I think what’s so great about how Denzel Washington’s character is playing through this moment is he’s not boxing, it’s more like a kind of Aikido or a Judo where he’s just continually knocking Ethan Hawke’s character off balance. And so that he can’t sort of figure out what he should say or do next. And it his desperation to figure out what to do next that can sort of compromise him.

It’s just ingeniously set up.

Craig: Yeah. And the rhythm that this establishes will repeat over and over and over. And you realize that the only way that this rhythm will ever break is if Jake breaks, essentially. And the movie itself, I mean, I love Training Day in part because, for a movie with a lot of action and a lot of plot, honestly — there’s a big kind of, well, you know, internal affairs-y sort of conspiracy going on and you’re meeting characters and people are getting double crossed and all the rest of it, but it is a movie about these conversations. It really is. And obviously those of us who have seen the movie, we all understand the metaphor here of what the training is exactly meant to be.

But this scene is a good example of when you and I talk about a little seed, you know, our first three pages. This is a great little seed. All of the stuff that is going to happen in this movie is essentially all packed into this one scene. So that’s another great way to make use of these first day on the job scenes is by giving them double duty. It’s first day on the job and it is the thematic and character DNA for the whole film.

John: Absolutely. Some other choices that were suggested for these scenes included Swimming with Sharks, The Sound of Music, Hot Fuzz, 9 to 5, Men in Black, Mr. Mom, Tootsie, Soapdish. There’s a whole wide range. And so in picking these four movies we didn’t necessarily pick the best scenes, but the ones that I thought could show us a good contrast between the kinds of things that happen in your first day on the job scenes.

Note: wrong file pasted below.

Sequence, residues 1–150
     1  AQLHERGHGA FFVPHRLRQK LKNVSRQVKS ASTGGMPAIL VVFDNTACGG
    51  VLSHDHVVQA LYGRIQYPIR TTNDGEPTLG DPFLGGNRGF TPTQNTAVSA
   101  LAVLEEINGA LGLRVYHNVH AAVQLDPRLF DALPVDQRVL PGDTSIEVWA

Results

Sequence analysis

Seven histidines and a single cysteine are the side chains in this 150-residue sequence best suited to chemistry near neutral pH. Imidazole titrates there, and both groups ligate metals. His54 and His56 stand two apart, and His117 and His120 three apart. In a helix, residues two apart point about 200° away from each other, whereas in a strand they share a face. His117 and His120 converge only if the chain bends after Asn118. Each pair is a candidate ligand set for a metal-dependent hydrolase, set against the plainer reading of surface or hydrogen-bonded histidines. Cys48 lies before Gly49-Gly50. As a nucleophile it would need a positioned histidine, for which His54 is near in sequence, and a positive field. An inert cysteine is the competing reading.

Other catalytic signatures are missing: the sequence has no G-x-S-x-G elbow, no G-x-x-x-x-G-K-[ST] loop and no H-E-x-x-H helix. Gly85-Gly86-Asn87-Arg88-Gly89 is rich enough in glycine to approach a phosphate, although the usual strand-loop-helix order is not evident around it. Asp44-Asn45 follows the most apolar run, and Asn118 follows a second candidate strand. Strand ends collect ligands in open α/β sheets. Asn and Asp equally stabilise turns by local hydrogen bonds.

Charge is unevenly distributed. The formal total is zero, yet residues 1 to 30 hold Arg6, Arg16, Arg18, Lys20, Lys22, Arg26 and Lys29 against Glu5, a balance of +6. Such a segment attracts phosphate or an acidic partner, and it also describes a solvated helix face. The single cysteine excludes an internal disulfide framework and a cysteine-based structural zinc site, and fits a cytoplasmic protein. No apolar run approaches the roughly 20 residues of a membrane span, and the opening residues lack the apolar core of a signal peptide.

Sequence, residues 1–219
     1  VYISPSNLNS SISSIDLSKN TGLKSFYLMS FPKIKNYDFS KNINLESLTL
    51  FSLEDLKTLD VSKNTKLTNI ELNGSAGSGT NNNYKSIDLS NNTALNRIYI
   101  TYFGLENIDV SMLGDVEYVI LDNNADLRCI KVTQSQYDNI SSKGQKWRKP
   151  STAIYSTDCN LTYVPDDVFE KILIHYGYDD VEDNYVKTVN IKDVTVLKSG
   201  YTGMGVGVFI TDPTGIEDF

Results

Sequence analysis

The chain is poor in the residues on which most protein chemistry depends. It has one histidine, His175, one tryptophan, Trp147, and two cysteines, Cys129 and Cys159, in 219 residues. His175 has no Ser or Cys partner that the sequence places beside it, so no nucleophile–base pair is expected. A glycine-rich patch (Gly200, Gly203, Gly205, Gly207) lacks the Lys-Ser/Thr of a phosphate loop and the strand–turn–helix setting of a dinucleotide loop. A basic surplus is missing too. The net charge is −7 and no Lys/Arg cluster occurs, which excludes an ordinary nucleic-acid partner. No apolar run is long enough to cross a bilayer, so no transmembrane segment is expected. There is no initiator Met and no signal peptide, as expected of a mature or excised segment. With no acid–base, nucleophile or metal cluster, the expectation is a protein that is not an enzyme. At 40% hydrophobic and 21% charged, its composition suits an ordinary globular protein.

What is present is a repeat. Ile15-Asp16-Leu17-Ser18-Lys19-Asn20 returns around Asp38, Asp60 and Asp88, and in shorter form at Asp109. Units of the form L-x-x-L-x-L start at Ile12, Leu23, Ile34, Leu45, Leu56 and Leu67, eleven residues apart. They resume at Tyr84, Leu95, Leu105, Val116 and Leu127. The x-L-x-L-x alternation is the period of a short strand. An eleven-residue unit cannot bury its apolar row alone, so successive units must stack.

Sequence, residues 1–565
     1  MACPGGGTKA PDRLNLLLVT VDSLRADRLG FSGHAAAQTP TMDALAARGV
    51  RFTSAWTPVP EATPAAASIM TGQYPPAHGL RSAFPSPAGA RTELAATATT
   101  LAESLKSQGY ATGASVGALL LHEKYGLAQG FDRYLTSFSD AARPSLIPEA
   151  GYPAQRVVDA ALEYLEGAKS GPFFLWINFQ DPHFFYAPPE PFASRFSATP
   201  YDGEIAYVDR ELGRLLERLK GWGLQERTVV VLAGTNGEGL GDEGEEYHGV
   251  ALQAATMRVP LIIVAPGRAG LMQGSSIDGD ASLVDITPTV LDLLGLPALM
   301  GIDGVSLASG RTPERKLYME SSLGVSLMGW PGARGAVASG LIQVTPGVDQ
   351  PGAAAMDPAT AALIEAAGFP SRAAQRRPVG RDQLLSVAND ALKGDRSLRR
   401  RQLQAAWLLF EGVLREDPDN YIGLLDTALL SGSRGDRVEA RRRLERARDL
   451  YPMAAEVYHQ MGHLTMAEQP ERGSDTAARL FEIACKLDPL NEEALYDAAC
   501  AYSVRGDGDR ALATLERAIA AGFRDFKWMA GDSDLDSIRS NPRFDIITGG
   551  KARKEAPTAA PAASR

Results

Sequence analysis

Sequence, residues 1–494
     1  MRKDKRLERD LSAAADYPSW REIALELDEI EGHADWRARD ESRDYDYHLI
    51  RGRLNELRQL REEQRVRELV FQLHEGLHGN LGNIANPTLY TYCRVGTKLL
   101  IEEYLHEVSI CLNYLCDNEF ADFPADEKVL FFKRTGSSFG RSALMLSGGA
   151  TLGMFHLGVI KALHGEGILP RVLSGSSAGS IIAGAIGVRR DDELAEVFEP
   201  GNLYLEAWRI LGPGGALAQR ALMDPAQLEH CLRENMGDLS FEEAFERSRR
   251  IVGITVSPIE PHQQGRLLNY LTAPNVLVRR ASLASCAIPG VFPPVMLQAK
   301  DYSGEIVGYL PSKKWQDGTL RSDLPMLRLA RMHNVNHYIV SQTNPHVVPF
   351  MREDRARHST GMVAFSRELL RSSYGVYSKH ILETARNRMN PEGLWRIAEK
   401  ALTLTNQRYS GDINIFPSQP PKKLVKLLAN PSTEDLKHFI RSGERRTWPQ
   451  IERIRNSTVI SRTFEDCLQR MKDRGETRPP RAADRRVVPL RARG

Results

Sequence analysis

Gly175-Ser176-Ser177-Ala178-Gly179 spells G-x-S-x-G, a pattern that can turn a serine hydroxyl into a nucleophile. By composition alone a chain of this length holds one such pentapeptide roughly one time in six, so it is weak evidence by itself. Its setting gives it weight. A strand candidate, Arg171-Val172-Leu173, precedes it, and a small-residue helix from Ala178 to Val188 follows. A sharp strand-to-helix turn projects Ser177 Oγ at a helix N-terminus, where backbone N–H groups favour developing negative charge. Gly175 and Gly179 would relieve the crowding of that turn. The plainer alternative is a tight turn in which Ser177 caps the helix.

So, this was fun. I enjoyed doing this as a new segment. If you have an idea for a future installment of This Kind of Scene, let us know and we’ll try to do this in the future.

Craig: Yeah. You know what? We can do whatever we want.

John: Yes. But we like your suggestions.

Craig: Oh yeah. I mean, well, you do. I just like doing whatever I want. Here’s the sad truth: I say that, and then I just do whatever you want. So really that’s what it comes down to. Do you want their suggestions? You get them. I do what you want. And here we are.

John: And this is how it all happens.

Craig: This is how it all happens, folks.

John: We have two listener questions we’re going to try to hit. So, first off, we have John who wrote in a question regarding how to write for an increasingly international market. Let’s take a listen.

John Listener: Do you think that the international audience has become significantly more important to the studios than the domestic audience? And if so, when you guys are working on studio projects how do you keep in mind the international audience? Do you try to limit dialogue, for example? Add more action? Add more CGI? Or do you not really worry about that?